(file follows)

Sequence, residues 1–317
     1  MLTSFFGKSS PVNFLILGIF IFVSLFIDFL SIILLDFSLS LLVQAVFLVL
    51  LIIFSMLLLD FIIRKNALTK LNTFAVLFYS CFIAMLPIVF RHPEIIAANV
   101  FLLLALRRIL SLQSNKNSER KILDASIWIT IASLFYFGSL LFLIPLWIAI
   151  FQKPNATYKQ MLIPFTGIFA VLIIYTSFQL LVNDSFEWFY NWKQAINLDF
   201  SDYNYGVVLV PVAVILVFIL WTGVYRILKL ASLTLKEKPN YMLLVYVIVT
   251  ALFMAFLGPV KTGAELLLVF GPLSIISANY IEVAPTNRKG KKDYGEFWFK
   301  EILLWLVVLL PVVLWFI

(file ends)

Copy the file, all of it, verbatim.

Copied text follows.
Sequence, residues 1–317
     1  MLTSFFGKSS PVNFLILGIF IFVSLFIDFL SIILLDFSLS LLVQAVFLVL
    51  LIIFSMLLLD FIIRKNALTK LNTFAVLFYS CFIAMLPIVF RHPEIIAANV
   101  FLLLALRRIL SLQSNKNSER KILDASIWIT IASLFYFGSL LFLIPLWIAI
   151  FQKPNATYKQ MLIPFTGIFA VLIIYTSFQL LVNDSFEWFY NWKQAINLDF
   201  SDYNYGVVLV PVAVILVFIL WTGVYRILKL ASLTLKEKPN YMLLVYVIVT
   251  ALFMAFLGPV KTGAELLLVF GPLSIISANY IEVAPTNRKG KKDYGEFWFK
   301  EILLWLVVLL PVVLWFI